Monday, February 3, 2014

Digestive Diagnostics: Portable, Wearable, Insideable

Next sensors will be in you, said a recent popular article. And some of them will monitor your digestive system.

Accurate monitoring of digestion is hard. There are apps and high tech gadgets for that - like a fork that monitors eating speed or a watch that counts bites, but neither of them can provide a continuous and objective measures of what exactly is eaten and how it affects the digestive system.
Thanks to wonders of modern technology, cows now have a device that can monitor the effects of food on their digestive system. Well Cow bovine health monitor, an inch thick capsule almost as long as human hand, can be swallowed by a cow and measure the rumen pH and temperature within the digestive system every 15 minutes. It then transmits the data to a Bluetooth collar around the cow’s neck. This data can help to monitor the healthiness of cow's food intake, to predict its gas-forming potential in the short term, make sure it will lead to a high quality milk or prevent the development of health issues such as acidosis or infertility in the long term. The device can last between 80 to 100 days inside the cows.

A smaller vitamin-sized device (1mm x 26mm with weight less than 4 grams) was recently approved for use in humans. This ingestible pill camera - PillCamSB -  can monitor pressure, pH and temperature, gastrointestinal motility, lesions, ulcers, early signs of tumors and bleeding within the small bowel. FDA approved it for patients who have experienced an incomplete colonoscopy, as its lower-resolution-imaging can't completely replace the procedure.

Food we eat and drugs we take can communicate from our insides too - Ingestible Event Maker sensor - size of a grain of sand - can be attached to any pill or a food item.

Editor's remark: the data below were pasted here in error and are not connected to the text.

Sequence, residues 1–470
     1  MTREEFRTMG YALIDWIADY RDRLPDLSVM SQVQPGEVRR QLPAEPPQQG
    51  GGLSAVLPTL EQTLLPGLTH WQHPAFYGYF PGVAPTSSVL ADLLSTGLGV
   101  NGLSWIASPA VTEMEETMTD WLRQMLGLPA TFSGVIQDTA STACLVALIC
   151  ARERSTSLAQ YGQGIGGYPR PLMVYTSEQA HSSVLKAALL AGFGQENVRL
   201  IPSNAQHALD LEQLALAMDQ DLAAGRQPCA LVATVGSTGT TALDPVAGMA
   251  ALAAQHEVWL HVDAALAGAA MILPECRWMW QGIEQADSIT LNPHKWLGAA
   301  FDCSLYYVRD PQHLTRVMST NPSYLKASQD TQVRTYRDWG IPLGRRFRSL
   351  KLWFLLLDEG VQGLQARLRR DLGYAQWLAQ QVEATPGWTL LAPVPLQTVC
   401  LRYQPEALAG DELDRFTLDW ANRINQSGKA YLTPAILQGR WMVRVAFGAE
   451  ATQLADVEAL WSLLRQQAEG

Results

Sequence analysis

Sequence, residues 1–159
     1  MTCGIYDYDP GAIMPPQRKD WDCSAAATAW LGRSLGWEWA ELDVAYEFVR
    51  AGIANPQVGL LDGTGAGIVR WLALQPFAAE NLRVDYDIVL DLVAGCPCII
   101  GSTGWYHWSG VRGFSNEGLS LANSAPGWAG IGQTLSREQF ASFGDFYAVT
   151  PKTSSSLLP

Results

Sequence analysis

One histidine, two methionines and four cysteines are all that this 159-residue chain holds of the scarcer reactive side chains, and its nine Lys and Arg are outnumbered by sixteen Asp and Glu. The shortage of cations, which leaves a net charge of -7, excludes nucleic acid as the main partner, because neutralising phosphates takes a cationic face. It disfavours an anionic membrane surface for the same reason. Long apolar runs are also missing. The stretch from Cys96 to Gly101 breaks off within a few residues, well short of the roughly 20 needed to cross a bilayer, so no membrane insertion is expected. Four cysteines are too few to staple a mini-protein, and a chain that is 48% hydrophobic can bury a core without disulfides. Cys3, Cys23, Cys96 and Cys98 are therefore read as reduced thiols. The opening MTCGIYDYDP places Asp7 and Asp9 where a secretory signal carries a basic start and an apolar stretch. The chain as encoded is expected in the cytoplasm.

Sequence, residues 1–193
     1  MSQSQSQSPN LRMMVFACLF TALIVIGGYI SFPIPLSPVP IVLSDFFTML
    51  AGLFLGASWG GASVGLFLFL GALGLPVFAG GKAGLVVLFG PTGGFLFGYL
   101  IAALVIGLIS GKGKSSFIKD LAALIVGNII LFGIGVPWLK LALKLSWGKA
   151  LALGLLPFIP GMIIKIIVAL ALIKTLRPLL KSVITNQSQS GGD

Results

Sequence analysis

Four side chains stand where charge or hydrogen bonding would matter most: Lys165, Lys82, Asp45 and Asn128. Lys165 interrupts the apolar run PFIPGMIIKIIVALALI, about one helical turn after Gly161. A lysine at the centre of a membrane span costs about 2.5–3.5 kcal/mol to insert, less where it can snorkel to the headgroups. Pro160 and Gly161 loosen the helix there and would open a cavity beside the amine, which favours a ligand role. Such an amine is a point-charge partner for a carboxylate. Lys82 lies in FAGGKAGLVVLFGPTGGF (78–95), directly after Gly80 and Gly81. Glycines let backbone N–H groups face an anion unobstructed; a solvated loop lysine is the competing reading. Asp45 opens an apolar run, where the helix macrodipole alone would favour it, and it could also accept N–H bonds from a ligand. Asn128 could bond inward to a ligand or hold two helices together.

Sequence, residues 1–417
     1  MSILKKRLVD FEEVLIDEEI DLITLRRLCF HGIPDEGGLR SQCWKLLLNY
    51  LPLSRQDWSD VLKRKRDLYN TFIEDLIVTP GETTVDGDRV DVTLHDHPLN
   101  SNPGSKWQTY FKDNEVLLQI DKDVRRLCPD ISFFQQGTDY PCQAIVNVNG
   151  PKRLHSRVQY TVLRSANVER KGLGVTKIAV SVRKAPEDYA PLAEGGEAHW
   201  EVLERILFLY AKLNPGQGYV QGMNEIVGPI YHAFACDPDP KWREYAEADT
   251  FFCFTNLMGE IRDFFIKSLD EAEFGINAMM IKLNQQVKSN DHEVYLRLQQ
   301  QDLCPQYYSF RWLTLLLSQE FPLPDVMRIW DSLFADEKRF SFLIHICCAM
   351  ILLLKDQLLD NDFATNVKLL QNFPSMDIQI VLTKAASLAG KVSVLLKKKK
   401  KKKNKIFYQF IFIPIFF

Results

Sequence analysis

Perhaps in the future we could rely on "insideables" to monitor our diet and automatically generate recommendations on what to eat and what to avoid?

According to a song, The Future's So Bright Gotta Wear Shades.

REFERENCES

Kiourti, Asimina. (2014). Implantable and ingestible medical devices with wireless telemetry functionalities: A review of current status and challenges. Bioelectromagnetics, 35 (1), 1-15 DOI: 10.1002/bem.21813

Hoskins, S.; Sobering, T.; Andresen, D.; Warren, S. (2009). Near-field wireless magnetic link for an ingestible cattle health monitoring pill Engineering in Medicine and Biology Society, 2009. EMBC 2009. Annual International Conference of the IEEE DOI: 10.1109/IEMBS.2009.5332812

Wong WM, Bautista J, Dekel R, et al. Feasibility and tolerability of transnasal / per-oral placement of the wireless pH capsule vs. traditional 24-h oesophageal pH monitoring – a randomized trial. Aliment Pharmacol Ther. 2005; 21(2): 155-163.

Hirono I, Richter JE. Practice Parameters Committee of the American College of Gastroenterology. ACG practice guidelines: esophageal reflux testing. Am J Gastroenterol. 2007; 102(3): 668-685.

Teunissen LP, de Haan A, de Koning JJ, Daanen HA. Telemetry pill versus rectal and esophageal temperature during extreme rates of exercise-induced core temperature change. Physiol Meas. 2012 Jun;33(6):915-24. doi: 10.1088/0967-3334/33/6/915. Epub 2012 May 3.

2 comments:

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